“I'm ready to go back home as early as tomorrow,” Tareq Thajeel Ajaj declares at a reception centre in Otaniemi, Espoo, after withdrawing his asylum application.
Ajaj says he is drawn back to his home in northern Iraq by news that his father has fallen seriously ill but, first and foremost, by his disappointment with Finland: the country did not turn out to be quite what human traffickers promised on the coast of the Mediterranean Sea. He is especially fed up with inactivity and local food after spending four months at the reception centre.
“I don't know what will happen to me in Iraq, but here I'm dying on the inside,” he says.
More and more Iraqis are withdrawing their asylum applications, according to the regional office of the International Organization for Migration (IOM) in Helsinki. “The number of people returning voluntarily has grown tremendously this autumn,” says Julia Evans, a junior co-ordinator at IOM Helsinki.
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IOM Helsinki serves as a tour operator for asylum seekers who are ready to return to their country of origin and have applied to a voluntary return programme launched by the Finnish Immigration Service (Migri). They will be provided with a free return to their country of origin, which – for Finland – is an affordable alternative to having a law enforcement officer escort them out of the country.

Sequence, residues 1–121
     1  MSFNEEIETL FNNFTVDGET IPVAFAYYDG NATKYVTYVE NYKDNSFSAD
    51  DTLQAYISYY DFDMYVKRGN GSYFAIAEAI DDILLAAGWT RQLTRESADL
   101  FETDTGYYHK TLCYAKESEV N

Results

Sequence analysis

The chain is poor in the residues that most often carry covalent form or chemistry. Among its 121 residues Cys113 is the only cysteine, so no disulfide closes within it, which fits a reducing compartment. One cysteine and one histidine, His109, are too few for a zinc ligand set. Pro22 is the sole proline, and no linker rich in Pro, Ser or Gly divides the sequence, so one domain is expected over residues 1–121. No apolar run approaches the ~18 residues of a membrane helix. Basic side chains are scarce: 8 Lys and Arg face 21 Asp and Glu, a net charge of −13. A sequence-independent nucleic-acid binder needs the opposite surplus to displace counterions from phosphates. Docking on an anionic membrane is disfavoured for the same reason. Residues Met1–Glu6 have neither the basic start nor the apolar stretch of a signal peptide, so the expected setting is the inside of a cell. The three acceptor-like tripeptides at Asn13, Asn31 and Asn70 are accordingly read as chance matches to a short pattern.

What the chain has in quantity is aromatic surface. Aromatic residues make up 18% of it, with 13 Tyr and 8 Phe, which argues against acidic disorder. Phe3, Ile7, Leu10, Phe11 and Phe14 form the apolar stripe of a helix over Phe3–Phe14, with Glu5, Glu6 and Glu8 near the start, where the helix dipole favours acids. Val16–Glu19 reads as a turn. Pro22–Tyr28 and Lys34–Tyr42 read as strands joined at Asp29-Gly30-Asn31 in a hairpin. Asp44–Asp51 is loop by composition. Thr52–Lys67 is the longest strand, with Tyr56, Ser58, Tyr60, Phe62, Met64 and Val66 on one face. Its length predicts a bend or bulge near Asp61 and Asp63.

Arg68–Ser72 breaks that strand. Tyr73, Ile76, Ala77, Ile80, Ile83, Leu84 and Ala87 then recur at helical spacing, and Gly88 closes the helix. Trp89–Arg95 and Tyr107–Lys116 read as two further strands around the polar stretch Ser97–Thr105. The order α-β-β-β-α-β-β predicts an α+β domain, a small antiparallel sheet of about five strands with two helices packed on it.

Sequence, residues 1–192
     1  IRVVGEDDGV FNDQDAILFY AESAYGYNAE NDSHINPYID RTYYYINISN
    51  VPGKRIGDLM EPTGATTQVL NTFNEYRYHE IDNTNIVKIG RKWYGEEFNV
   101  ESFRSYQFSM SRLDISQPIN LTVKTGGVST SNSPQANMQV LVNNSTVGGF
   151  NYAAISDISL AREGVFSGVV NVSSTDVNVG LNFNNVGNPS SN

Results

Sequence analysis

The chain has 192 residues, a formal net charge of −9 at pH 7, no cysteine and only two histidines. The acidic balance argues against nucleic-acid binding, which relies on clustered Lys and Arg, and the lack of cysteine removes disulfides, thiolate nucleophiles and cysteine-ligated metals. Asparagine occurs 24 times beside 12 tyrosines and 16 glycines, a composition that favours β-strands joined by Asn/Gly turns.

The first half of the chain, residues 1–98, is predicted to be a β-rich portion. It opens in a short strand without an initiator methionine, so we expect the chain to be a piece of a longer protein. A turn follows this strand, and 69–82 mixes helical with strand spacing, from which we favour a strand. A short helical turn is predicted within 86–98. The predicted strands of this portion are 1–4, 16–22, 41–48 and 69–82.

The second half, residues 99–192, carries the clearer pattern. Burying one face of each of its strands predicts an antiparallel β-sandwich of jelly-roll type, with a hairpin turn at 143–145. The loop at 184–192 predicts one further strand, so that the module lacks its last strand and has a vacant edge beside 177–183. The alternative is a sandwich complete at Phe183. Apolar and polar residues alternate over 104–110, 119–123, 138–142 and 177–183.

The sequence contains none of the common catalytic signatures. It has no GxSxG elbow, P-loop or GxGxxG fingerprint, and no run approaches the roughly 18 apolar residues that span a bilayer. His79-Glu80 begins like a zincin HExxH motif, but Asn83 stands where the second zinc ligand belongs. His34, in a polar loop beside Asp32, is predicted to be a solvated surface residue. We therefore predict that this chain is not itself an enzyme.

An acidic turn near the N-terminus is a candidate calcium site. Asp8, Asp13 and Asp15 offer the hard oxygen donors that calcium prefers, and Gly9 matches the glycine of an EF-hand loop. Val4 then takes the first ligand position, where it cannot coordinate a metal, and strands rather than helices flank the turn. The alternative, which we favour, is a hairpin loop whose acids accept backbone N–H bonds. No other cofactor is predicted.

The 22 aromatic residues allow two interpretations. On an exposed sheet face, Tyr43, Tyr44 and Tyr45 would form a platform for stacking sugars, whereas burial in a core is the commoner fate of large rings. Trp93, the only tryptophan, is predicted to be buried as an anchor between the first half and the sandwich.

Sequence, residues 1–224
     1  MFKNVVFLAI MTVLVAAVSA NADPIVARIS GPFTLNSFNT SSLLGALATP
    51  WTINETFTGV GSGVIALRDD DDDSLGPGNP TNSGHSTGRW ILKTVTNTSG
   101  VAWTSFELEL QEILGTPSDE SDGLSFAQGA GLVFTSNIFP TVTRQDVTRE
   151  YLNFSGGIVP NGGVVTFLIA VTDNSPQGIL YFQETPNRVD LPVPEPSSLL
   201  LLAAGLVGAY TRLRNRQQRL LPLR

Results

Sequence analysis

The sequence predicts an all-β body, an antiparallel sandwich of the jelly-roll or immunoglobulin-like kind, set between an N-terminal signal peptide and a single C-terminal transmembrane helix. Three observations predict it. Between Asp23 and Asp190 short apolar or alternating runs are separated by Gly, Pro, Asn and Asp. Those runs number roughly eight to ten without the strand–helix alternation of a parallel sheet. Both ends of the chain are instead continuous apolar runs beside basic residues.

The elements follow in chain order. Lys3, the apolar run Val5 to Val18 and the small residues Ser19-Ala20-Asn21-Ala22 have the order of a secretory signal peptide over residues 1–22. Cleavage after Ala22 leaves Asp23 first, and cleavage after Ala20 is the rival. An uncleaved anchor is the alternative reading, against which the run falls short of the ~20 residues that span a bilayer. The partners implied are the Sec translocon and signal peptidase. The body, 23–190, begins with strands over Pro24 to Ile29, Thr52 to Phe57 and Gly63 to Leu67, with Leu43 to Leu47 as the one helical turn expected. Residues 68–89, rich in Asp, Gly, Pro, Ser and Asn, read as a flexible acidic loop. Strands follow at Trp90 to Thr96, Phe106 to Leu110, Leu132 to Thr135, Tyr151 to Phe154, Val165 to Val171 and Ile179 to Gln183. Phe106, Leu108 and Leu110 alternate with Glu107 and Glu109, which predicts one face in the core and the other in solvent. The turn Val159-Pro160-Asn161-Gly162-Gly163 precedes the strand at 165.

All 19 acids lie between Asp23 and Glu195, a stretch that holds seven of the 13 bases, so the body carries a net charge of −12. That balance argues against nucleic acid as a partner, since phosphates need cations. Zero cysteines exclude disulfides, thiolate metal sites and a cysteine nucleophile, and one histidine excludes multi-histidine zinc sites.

The number of voluntary returnees has risen steadily, and the record books are likely to be re-written again in December.
Iraqis are by far the largest nationality group among the voluntary returnees, having accounted for 60 of the 78 people who left the country in October and for 72 of the 111 who did so in November.
The numbers do remain low in comparison to the overall number of asylum seekers, however.
Thabeet Al-Aswad from Baghdad is another asylum seeker who is desperate to get back home, despite the fact that his family was threatened because of him. Al-Aswad says he is tired and distressed, unable to sleep well in the cramped reception centre, and desperate for something meaningful to do.
“The service here hasn't been what we were expecting. It'd be great if we got to work and live a normal life,” he says.
Al-Aswad has now been in the country for three months. Also he is willing to return home as soon as possible.
The voluntary returnees are motivated by a variety of factors – typically by the fact that the security situation in their home region has improved since their departure. A number of Iraqis have according to Evans explained their decision by telling that something bad has happened to one of their family members or relatives and that they want to return home to take care of them.
“Another reason could be that they don't want to stay here waiting for a decision they've realised won't come as soon as they were expecting. They may also have realised that bringing their family to Finland through a family reunification isn't quite as easy,” she says.
IOM assists the departees in several ways. It will arrange transportation from the reception centre to the airport to departees already in possession of a passport. The departees will also receive assistance both in a possible transit country and their country of origin.
The Finnish Immigration Service also pays a nominal allowance for people returning to their country of origin voluntarily. For Iraqis, the allowance is usually between 50 and 100 euros – sometimes more. Some, however, return to their country of origin without any official assistance.
Jukka Harju, Maija Aalto – HS
Aleksi Teivainen – HT
© HELSINGIN SANOMAT
Photo: Kaisa Rautaheimo / HS